But in spite of the commanding position, the Lions had to go to the break only level as Fergie McCormick gave a fighting New Zealand parity from the first 40 minutes.

A disheartening end to a promising half, New Zealand had even come close to their own score prior to McCormick’s kick, with Hunter’s foot just slipping into touch before crossing down the right wing.

A Lions side written off before the tour, the All Blacks impetus may have decimated stronger teams than James’ outfit, but the visitors came out for the second period up for the fight, and despite the scrappy nature of the play, the entertainment value was certainly high for the 45,000 watching on in Carisbrook.

THE KING FINDS HIS FEET

Despite missing kicks in the first half, John restored his aim for arguably one of the more difficult kicks in the match, batting the devilish cross-wind to fire between the posts.

And he, like try scorer McLauchlan, was also not a nailed-on traveller to New Zealand, with a gruelling year as part of Wales’ successes taking its toll.

“I was ready to turn down the chance to tour because it had been a very physical Five Nations,” he said. “We won the Grand Slam but I had been knocked around against Scotland and then broke my nose against the French.

“I felt I needed the summer off to recover and so when I got the call-up for the tour, I didn’t answer it. A concerned Carwyn came to see me, told me how important I was to his plans and eventually his words persuaded me. I’m glad they did."

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But before the magic could be enjoyed, there was still the small matter of closing out the final 20 minutes of the first Test.

McCormick fell afoul of the breeze to clip a penalty of his own wide, while fantastic play met frantic and ferocious play in a breathless close to the game.

And as John, 42 yards from the goal, kicked one of the penalties of his life, the game was put beyond all doubt, their first Test victory over New Zealand for 12 years and a first at Carisbrook since 1933.

“The first Test, to be honest with you, was over in the blink of an eye,” continued McLauchlan. “It was probably the most intense game I’ve ever played in.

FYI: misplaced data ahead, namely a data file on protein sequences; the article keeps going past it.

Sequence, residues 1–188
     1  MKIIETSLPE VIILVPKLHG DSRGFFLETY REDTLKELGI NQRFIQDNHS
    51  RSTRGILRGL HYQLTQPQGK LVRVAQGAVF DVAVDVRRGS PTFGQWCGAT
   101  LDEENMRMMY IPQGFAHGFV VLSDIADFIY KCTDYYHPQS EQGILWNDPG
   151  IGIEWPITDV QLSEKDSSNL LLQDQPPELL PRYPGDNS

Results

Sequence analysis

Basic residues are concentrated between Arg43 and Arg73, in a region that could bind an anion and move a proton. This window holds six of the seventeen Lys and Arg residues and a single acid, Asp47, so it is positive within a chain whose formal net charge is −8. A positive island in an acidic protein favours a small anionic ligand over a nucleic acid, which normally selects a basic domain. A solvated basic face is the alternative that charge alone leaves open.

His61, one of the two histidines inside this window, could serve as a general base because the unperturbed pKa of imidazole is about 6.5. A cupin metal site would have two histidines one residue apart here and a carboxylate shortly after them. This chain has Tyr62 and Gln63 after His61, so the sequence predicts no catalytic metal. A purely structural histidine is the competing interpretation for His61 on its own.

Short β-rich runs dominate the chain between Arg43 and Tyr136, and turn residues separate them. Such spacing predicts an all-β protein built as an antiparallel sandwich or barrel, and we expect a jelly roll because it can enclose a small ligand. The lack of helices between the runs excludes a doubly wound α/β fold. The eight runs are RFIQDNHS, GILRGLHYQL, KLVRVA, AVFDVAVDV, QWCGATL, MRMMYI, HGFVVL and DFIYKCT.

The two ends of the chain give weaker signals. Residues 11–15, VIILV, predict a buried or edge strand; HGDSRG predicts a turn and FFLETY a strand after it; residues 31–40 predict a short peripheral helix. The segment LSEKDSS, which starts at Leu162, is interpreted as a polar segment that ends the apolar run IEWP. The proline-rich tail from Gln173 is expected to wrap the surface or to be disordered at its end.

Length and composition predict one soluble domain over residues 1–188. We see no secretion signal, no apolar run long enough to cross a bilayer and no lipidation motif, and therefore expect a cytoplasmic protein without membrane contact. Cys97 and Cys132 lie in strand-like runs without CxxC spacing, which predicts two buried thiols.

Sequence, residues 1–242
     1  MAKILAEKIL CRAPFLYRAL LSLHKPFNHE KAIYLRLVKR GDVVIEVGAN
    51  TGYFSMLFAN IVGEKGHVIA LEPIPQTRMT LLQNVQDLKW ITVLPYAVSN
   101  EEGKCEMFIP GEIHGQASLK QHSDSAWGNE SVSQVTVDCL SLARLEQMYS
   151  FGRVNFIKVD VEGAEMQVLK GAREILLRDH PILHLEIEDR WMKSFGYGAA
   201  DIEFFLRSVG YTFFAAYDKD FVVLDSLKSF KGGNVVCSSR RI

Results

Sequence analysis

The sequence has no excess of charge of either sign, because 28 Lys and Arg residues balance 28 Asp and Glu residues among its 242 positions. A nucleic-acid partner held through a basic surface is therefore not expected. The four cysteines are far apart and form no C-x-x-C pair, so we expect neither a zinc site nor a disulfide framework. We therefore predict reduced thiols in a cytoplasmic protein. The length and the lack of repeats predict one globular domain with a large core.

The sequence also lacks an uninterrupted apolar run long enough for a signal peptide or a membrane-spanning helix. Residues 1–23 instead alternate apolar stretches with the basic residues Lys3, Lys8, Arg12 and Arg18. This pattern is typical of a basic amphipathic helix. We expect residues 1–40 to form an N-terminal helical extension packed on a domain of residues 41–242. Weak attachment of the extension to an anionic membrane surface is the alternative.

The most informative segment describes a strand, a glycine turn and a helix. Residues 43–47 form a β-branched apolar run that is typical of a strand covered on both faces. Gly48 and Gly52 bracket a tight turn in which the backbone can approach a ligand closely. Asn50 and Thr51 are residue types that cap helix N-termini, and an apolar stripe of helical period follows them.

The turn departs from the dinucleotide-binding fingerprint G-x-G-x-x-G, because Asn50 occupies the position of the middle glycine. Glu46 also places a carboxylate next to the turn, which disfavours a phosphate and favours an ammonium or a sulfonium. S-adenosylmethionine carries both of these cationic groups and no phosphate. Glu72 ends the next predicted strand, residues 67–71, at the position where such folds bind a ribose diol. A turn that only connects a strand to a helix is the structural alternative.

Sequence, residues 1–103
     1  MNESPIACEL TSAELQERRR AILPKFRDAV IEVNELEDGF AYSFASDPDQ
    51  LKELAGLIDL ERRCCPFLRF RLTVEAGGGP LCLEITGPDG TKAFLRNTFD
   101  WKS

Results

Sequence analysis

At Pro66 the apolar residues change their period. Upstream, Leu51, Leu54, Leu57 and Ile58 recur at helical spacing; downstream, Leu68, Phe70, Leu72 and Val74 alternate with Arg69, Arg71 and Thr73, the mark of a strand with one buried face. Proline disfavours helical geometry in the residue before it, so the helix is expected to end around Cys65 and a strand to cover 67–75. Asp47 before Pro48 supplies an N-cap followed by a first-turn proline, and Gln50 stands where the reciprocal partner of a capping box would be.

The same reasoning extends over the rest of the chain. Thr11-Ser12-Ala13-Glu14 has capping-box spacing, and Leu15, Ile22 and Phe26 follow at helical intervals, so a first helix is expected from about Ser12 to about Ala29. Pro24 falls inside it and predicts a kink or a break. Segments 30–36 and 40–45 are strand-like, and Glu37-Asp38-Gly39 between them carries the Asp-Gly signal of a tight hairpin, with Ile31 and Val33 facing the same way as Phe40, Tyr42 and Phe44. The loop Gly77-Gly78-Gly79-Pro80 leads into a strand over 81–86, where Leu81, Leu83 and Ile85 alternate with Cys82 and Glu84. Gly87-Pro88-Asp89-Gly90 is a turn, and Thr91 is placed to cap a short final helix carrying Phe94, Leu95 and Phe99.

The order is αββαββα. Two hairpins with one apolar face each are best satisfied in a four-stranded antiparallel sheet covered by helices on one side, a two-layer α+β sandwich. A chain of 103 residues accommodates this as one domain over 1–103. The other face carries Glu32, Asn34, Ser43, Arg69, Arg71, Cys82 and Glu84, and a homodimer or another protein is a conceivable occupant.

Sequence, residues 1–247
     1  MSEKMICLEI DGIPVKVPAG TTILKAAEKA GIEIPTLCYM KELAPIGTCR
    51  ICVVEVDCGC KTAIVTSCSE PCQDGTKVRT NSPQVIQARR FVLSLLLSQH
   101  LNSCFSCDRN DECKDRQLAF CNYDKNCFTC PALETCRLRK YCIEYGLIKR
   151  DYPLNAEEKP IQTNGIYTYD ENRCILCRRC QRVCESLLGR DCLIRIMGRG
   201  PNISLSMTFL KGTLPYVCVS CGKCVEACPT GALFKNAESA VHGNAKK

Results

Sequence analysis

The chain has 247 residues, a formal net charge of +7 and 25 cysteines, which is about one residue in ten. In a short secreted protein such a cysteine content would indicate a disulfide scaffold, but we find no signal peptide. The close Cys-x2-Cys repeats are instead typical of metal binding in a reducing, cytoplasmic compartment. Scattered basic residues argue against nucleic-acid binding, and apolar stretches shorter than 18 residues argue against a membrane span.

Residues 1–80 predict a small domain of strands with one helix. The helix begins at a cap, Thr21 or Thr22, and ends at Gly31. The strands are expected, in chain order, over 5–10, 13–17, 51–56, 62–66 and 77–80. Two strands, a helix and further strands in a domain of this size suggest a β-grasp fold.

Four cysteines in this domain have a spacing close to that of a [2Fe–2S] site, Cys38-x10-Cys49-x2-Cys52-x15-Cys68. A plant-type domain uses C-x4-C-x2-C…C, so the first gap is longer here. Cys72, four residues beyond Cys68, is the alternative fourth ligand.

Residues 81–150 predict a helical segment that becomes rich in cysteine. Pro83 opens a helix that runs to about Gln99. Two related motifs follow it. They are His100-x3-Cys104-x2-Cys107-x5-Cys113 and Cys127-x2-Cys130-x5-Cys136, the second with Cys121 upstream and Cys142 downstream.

“They just came and came and came at us all the time. The All Blacks are generally pretty clinical – if they have a two-on-one they tend to finish it – but that day they seemed to pass when they should have kept it.

“Our tackling was ferocious. I don’t know how many tackles I made that day, but it was a lot, and when we came off the field we were elated but we were on our knees – really tired.”

The near-perfect start to a near-perfect series for the Lions, and the first step on an incredible four-match feast was laid.

The path to history was set.
 
New Zealand 3 British & Irish Lions 9

New Zealand
Penalties: McCormick

British & Irish Lions
Tries: McLauchlan
Penalties John 2
 
New Zealand: Fergie McCormick; Bruce Hunter, Bryan Williams, Wayne Cottrell, Ken Carrington; Bob Burgess, Sid Going; Jazz Muller, Tane Norton, Richard Guy; Pole Whiting, Colin Meads (capt); Alan McNaughton, Ian Kirkpatrick, Alan Sutherland.
 
British & Irish Lions: JPR Williams; Gerald Davies, John Dawes (capt), Mike Gibson, John Bevan; Barry John, Gareth Edwards; Ian McLauchlan, John Pullin, Sean Lynch; Delme Thomas, Willie-John McBride; Peter Dixon, John Taylor, Mervyn Davies.
Replacements: Ray Hopkins for Edwards 10.
 
Scoring sequence: 16' McLauchlan J. (T) 0-3, 38' McCormick W.F. (P) 3-3, 56' John B. (P) 3-6, 76' John B. (P) 3-9.
 
Referee: John Pring (NZ)
Attendance: 45000
HT  3-3